How to build a Small Business Marketing Plan
Your marketing plan should contain details of all of your marketing activities, usually for a 12-month period.
By doing some research and understanding what marketing methods will work best for your target audience, you’ll confidently and accurately make decisions to grow your practice. And you’ll be spending your marketing dollars most efficiently.
Follow these eight tips to build a revenue-focused
marketing plan for your Business
1. Make a commitment
Too many marketing “plans” really aren’t plans at all. They contain ideas for activities like print ads, updating the website and doing direct mail. But they often aren’t grounded in industry research. And they don’t contain objectives or measurement standards. Often these “plans” are simply based on what the practice did last year and the year before that.
But things change. If your business is going to be successful at marketing, you need to adapt to the shifting landscape. Begin by committing to doing the research, dedicating the resources and budget, and following through.
2. Know your Market
You probably have a good overall understanding of your current customers. But have you really thought about your market for the purpose of targeting it? Review your customer database and make some conclusions about who you serve. This will include age, geographic location, common problems, occupation category, income level and more.
Only when you have this data can you make the best decisions about marketing. If you have three options for print advertising, and one best reaches your practice’s demographic, this is the clear choice.
You also need to think aggressively about who you want to be your patients. If your demographic consists heavily of a base that will decline in profitability, such as residents of a geographic area on the decline, you will need to shift your marketing tactics to reach the audience you want.
3. Know your competition
An important part of any small business marketing plan is evaluating your competitors and what they’re doing. Keep tabs on their marketing efforts, including newsletters, direct mail, website marketing, search engine optimization and pay-per-click management. You don’t need to mirror their spending dollar for dollar on each activity. But a little bit of research will tell you how they’re using their marketing budget. You can then analyze the activities your most successful competitors use for your own practice.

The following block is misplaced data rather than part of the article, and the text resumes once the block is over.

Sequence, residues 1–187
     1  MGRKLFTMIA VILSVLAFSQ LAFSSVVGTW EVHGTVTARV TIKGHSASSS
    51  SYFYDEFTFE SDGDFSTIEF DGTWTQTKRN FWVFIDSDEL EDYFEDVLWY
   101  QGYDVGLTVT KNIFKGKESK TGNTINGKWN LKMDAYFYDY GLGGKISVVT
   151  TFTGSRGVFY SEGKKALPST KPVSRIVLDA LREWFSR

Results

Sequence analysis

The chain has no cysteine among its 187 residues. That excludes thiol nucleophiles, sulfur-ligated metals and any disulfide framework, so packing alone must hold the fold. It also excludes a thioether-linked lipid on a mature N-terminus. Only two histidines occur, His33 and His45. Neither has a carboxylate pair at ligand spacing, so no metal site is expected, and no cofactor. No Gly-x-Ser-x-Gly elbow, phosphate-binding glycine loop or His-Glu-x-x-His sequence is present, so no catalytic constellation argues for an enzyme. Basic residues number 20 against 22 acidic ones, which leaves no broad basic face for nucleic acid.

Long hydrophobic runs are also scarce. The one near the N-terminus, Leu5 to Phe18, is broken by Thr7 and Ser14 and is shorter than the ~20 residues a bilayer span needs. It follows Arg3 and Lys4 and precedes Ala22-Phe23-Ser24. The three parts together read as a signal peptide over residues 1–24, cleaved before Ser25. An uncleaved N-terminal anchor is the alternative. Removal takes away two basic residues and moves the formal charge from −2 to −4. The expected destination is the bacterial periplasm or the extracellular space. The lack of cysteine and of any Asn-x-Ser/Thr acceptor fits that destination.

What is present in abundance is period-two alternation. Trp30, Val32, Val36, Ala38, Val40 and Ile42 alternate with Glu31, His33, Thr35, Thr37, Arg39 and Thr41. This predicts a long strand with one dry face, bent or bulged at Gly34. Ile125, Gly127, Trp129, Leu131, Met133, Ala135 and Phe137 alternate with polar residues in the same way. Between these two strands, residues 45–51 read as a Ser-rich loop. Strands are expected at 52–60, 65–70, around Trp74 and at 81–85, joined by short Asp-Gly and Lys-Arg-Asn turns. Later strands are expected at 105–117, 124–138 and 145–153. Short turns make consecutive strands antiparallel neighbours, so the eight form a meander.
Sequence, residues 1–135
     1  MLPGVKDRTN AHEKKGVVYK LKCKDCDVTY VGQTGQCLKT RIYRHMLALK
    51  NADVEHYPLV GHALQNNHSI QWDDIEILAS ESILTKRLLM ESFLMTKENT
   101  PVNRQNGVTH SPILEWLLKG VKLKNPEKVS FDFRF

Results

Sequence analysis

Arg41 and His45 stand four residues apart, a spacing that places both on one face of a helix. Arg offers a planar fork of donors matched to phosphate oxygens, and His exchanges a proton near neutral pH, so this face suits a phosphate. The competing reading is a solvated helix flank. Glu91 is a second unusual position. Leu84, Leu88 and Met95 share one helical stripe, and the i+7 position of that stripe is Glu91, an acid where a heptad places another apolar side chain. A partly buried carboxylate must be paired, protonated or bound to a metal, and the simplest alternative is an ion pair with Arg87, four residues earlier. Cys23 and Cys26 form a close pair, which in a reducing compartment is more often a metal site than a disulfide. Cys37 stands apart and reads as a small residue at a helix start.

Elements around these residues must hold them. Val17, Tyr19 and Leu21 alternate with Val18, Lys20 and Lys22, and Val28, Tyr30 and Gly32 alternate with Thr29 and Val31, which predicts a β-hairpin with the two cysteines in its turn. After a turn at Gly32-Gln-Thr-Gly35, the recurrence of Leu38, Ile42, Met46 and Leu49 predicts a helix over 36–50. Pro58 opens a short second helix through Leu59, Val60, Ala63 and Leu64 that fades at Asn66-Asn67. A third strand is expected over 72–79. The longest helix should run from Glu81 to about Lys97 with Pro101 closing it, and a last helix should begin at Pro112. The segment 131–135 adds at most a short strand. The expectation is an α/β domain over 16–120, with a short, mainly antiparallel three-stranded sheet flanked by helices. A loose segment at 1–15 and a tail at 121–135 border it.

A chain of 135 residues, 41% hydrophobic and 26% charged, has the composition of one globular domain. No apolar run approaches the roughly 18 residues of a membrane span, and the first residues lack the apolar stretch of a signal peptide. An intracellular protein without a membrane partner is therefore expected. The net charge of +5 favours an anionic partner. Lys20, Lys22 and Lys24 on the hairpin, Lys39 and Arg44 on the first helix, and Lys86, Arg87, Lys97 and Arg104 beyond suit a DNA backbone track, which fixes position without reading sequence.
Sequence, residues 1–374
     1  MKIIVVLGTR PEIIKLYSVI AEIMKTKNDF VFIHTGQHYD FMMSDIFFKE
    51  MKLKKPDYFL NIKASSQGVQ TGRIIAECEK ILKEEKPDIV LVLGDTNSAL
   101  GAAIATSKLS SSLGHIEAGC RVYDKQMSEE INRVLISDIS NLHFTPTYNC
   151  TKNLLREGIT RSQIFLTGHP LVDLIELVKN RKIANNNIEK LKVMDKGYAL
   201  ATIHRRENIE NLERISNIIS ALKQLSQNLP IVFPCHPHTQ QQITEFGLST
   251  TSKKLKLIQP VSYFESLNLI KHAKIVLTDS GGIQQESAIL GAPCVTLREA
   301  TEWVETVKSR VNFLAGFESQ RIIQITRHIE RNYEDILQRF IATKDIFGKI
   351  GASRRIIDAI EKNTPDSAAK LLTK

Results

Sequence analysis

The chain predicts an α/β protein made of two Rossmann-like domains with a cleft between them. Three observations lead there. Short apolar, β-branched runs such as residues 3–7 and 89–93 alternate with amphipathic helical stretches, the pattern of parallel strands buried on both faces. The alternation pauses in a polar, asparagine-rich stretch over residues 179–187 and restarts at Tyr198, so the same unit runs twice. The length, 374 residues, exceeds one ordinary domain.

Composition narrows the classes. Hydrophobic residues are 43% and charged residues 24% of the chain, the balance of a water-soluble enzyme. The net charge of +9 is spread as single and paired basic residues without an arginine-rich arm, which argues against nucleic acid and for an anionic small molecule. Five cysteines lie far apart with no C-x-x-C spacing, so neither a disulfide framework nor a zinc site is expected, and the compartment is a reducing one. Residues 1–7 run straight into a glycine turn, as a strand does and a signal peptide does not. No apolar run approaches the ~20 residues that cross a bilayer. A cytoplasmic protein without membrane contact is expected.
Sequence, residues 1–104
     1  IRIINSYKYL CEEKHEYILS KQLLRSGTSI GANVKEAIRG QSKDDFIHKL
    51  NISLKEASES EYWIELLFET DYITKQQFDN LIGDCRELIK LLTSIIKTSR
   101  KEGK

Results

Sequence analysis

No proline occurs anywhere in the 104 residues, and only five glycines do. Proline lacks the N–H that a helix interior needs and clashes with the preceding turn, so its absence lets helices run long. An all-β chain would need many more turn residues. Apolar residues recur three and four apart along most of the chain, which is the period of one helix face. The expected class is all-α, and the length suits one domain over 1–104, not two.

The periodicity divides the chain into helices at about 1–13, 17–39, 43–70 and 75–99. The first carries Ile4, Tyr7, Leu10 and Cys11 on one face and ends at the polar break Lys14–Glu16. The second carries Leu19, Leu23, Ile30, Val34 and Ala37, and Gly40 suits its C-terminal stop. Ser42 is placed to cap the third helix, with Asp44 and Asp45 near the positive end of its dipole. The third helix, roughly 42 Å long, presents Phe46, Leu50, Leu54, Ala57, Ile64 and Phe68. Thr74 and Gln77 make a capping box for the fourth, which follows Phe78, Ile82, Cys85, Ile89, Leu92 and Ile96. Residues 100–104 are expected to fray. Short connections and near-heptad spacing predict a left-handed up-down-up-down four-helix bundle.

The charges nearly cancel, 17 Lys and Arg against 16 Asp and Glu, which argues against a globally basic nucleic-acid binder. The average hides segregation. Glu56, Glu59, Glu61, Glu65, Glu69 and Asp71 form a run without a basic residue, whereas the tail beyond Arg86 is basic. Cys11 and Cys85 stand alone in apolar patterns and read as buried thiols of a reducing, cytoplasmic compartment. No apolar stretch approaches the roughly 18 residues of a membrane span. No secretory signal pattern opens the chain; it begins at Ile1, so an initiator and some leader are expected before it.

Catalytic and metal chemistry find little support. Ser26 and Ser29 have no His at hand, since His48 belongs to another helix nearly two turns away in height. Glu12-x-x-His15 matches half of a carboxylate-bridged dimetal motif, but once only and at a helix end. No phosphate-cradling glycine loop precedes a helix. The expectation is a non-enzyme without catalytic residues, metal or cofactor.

Don’t just look at your own specialty. You may not be competing with other businesses, but keep up to date with what they are doing in your region. You may be able to borrow from some of their best ideas and efforts.- ask them what works for them.
4. Measure what has worked
You cant manage what you cant measure ! What marketing activities have been most responsible for building your database over recent years? Has it been referrals from other customers, the yellow pages? Your website? Events in the community?
You should be asking your customers how they heard about you. You should then capture that data in your database. Too many small businesses neglect this important and meaningful step. Don’t be one of them.
Be honest in your assessment of what worked. If you were getting 25% of your business from your yellow page ad five years ago, but last year you only got 4% for the same investment, your marketing dollars should shift to reflect this.